What happens to us when we remove the restraints of our human walls? What happens when we open the doors that go beyond our self-imposed distance between death and life? Is it a fear to let faith bring us into the unknown? Does our limited understanding cause us to retreat before we have been touched by the mystery? Or do love and faith invite us to put on the joyful heart of John that we now have access to new life in the resurrected Christ?
By late morning, surely the news had reached the neighborhood. The body is gone, Jesus is risen! All kinds of stories began to be formulated including the indiscreet removal of the body for selfish reasons. Some heard, some were oblivious to all the happenings, including neighbors to the place where Jesus had been buried. Not everyone cme searching with the love of Mary, or responded with the love of John nor came to believe with the special appearances granted to a few of the disciples. It takes more than proof: it takes a love that sees beyond all human reasoning and understanding.
Some will come to this Easter morning just continuing through their lives as though nothing has happened. A few will come out of religious or family custom, or a sudden spark of religiosity to celebrate a moment without seeing the mystery that is upon us. They will hear the Alleluia choruses and will see the glory of well decorated churches to energize the spirit of searching souls.
Not necessarily everyone here or in Easter celebrations throughout Christendom will necessarily believe the events of this day 2000 years ago. Not everyone will have a life-changing response to the rising of Jesus from the dead and the hope of new life made present to those who come in love and faith. But the question before us is this: how have you come to this glorious morning? What have you come to see? What disposition do you bring to this Easter day?
If yours is the original fear of Mary that your perception of the Christ has been taken away, that your Master is gone from your life, that the Church has been weakened and you do not know where to find Christ in your life, then go to the Church, return to the real faith of your youth, renew your hunger for the Christ, search for him with love.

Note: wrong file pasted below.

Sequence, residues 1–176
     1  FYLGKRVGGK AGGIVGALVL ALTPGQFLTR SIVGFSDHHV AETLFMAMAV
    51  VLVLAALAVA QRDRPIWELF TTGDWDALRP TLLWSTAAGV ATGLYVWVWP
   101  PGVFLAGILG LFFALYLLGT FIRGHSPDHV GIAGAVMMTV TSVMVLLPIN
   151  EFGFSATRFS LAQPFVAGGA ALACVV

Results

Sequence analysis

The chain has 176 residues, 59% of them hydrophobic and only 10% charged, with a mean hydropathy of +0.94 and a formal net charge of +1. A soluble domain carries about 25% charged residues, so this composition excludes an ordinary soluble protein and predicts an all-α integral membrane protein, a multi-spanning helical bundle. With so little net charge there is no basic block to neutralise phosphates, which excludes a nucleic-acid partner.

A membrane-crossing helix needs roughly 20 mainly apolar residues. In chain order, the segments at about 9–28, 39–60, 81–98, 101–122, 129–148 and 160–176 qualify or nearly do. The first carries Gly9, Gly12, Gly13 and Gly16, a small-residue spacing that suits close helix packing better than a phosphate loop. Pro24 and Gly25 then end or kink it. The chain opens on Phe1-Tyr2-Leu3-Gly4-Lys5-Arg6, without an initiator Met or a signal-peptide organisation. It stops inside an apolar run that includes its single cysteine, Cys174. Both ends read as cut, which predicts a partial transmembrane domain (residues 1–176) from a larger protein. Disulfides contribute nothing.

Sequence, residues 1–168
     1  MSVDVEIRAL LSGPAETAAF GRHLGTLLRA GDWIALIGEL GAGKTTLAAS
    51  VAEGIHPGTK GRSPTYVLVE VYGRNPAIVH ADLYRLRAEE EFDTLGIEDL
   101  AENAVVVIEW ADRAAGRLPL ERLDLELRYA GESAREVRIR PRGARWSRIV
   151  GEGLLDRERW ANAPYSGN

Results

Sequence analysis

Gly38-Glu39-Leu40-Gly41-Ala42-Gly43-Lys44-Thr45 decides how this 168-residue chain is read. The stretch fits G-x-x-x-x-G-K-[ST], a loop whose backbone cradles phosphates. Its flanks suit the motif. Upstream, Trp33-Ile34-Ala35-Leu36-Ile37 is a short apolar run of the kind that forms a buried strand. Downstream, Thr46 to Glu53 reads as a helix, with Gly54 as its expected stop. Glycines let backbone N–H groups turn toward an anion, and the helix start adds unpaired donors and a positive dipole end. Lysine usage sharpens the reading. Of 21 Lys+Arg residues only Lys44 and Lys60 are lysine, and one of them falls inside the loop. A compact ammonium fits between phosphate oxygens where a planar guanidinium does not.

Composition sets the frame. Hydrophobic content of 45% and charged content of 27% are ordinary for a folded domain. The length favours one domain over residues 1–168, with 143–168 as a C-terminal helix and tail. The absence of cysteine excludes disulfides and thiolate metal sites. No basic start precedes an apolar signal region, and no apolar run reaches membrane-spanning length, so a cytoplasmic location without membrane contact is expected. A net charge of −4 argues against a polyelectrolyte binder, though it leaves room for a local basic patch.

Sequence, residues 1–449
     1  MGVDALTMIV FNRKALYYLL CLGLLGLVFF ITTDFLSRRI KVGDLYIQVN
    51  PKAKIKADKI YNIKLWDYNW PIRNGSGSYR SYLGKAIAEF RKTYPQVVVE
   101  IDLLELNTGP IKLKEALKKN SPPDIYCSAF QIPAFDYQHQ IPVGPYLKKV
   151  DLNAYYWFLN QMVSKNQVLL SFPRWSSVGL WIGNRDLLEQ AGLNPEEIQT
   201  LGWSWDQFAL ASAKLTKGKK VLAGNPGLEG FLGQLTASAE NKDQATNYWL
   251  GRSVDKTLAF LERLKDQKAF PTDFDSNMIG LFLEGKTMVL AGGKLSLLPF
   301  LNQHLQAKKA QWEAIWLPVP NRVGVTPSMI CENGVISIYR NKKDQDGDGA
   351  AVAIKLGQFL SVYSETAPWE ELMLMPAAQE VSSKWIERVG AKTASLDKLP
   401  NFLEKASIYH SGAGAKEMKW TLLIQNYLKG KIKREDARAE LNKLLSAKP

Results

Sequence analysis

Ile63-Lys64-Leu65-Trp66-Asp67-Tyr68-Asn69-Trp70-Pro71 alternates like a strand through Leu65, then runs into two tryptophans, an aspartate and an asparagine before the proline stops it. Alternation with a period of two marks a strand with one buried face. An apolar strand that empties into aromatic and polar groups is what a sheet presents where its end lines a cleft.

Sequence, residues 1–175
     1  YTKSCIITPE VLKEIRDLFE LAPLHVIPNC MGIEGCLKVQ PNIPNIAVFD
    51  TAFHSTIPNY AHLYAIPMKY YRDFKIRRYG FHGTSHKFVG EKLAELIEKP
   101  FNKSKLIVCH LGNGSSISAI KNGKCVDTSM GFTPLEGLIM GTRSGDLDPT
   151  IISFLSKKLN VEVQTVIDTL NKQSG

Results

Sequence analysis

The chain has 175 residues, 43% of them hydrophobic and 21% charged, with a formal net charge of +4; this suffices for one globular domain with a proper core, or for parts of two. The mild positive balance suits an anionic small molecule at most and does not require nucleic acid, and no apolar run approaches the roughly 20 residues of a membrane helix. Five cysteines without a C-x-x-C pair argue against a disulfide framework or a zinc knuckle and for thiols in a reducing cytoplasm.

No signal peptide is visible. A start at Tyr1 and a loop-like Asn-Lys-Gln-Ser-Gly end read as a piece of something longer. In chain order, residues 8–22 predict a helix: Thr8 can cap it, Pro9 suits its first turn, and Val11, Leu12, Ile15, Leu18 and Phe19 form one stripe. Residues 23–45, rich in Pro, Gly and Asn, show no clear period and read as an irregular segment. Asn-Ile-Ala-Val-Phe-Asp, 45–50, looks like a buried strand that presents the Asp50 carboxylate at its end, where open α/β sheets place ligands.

If you have come to see with Peter and do not understand, then stand before the mystery that unveils itself in your hearing today and let the events of the moment soak into your mind and hearts so as to awaken something that has remained dormant in your life. Let something new rise from your unknowing and open yourself to the mystery we celebrate. Do not take control, but let yourself be led by the Spirit of love.
And if it is the love of John that has brought you to celebrate and rejoice today, then let everyone know by the joy of your heart and the peace of your soul that all is well in the new Jerusalem, all is well in the Church, all is well in your lives. He who was dead is risen and the consolation of Israel is upon us all today. Leave the stone unrolled, enter the mystery, open your heart, and breathe in the wonder of the moment. New life is upon us. It can permeate your life within your broken bodies, among your family struggles, into the dis-ease of humanity and unto the hope of a glorious new morn. Only the eye of love can let you see the truth and know this new life.
This is the day the Lord has made, let us rejoice and be glad in it.